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Balochistan the land of Potentials


Nawaz Ahmed
Balochistan, got the status of province in 1970 after rescindment of one Unit. This is the land of rich culture and diversity where the oldest civilization of about 7000 years is found at Maher garh, District Kechi. It’s awesome geographical location—Afghanistan in north and northwest, Iran to the south west and the Arabian sea to the south, has always made it centripetal to world focus since ages.  Moreover, the province is replete with land and sea resources and home to countless tourism spots stretching over from East to West and North to South that contribute to make it further beautiful.
To begin with the mineral wealth, there are plenty of precious minerals lying all over Balochistan and among those the most prominent are Lead- Zinc (found in Khuzdar and Lasbela), Coal (Quetta, Sibi, Harnai, Mach, Duki Chamalang), Iron (Chagai and Mastung), Marble (Khuzdar, Kalat, Loralai, Zhob, Chagai, Ziarat), Barite (Lasbela Khuzdar, Chagai), Chromite (Muslim Bagh, Killa Saifullah, Khanozai, Pishin), Limestone (Lasbela, Coastal area, Chagai and Zhob).  Furthermore, the mining sector, with huge reserves of copper and gold reserves at Sandak and Rico Dik, with a cumulative quantity of about 5.9 billion tons of copper and gold is always in the news.
Improvements in the existing mining practices, use of latest technology, safety of miners to minimize life risks and provision of easy access to the market through road networks may enhance the production capacity of this sector and can bring it at par with international standards.
With huge land mass, largest of all the provinces (about 44%), Balochistan has also great potential for agriculture and horticulture. The major areas suitable for agriculture include; Naseerabad and Sibi, Harnai, Dhadar, Khuzdar and Lasbela famous for cultivation of wheat, rice and vegetable. Similarly, Killa Saifullah, Ziarat Pishin, Kalat Mastung and Killa Abdullah are largely contributing in horticulture with amazing varieties of apple, cherry, plum and apricot. Similarly, the Mekran region is famous for different variety of dates. Use of modern irrigation techniques, preservation of rain water, cultivation of low delta crops, introduction of genetically engineered seed varieties, farm support systems and other related incentives can help in developing this sector increasing the annual production.
Side by side the role of livestock cannot be ignored. The long-extended mountain ranges and existence of rangelands make it suitable for livestock production.   Livestock rearing has been one of the oldest professions that the people of this region have been attached with from the very beginning. As a major proportion of population till lives in rural areas, they mainly depend on agriculture and livestock as the main source of their livelihood. The livestock breed of Balochistan includes Goat (Kajli, Khurasani, Lehri, Sulemani and murak), Sheep (Kakari, Balochi, Bevergh, Harnai, Rakhshani, Dumari, Bybrik, Shinwari and Mengali), Camel (Kohi, Kharani, Raigi and Pahwali), Cattle (Baghnari and Red Sindhi). One of the complementary aide of livestock development is the existence of rangeland, and Balochistan, to some extent enjoys this bounty. The rangeland of Balochistan is classified into Central Balochistan Range; which includes Quetta, Kalat, Mastung, Killa Abdullah, Pishin and Killa Saifullah, The Western Balochistan Range; comprising of Kharan, Washuk, Chagai, Nushki, Kech and Panjgur, The Eastern Balochistan Range: encompasses Zhob, Loralai, Musakhel, Barkhan, Kohlu, Sibi, Dera Bughti, Naseerabad, Khuzdar, and the Suleiman Mountain Range covering north-eastern and west parts of Sherani, Zhob and Musakhel District and the areas bordering with Afghanistan, FATA, KPK and Punjab. This range has plenty of annual rain fall. Micro credit and interest free loans can help in promoting livestock production and business in rural areas with subsequent impact of food security and poverty reduction.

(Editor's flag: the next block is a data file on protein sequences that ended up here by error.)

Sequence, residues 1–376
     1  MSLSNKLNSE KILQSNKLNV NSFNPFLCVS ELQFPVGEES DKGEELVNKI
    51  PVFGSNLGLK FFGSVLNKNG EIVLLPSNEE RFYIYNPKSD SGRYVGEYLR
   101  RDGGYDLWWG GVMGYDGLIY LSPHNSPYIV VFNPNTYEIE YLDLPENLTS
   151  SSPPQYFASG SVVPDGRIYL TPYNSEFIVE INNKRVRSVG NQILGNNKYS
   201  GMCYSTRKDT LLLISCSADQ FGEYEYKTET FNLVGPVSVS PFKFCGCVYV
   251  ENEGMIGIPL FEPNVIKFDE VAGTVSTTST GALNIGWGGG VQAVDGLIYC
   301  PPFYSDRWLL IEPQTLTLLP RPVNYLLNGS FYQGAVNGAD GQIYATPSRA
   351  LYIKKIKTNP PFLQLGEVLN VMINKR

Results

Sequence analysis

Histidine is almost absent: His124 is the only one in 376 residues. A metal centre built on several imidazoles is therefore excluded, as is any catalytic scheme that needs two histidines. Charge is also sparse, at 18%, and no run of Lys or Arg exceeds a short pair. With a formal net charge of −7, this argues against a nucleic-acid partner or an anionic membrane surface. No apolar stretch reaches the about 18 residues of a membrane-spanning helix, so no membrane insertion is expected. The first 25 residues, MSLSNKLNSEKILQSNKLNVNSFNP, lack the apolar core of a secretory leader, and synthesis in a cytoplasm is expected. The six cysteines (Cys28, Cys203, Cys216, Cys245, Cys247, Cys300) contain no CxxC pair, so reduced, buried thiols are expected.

Proceeding further, the fisheries sector deserves a special touch. The long coast of more than 700 KMs is witness to the huge fish reserves of Balochistan and this is one of the key strengths of economy if properly harnessed. The main fishing areas are Pasni, Gwadar, Sur Bandar, Pishukan, Ormara, Damb, Gaddani and Jiwani.  Major chunk of population living along the coast is engaged with this profession. But it is an unfortunate fact that the small fishermen are living a miserable life. Their precarious financial position does not allow them to have a better luck. They are using very old and outmoded fishing techniques which make it very hard for them to catch that much fish beyond their daily subsistence needs to have some savings and upgrade their fishing tools. Whatever is caught after a daylong hardship meagerly suffices their own consumption needs, not to mention of taking the surplus to the market. A little financial assistance and logistic help, protection against the exploitation and proper training on latest fishing techniques can help them well to come out of this misery.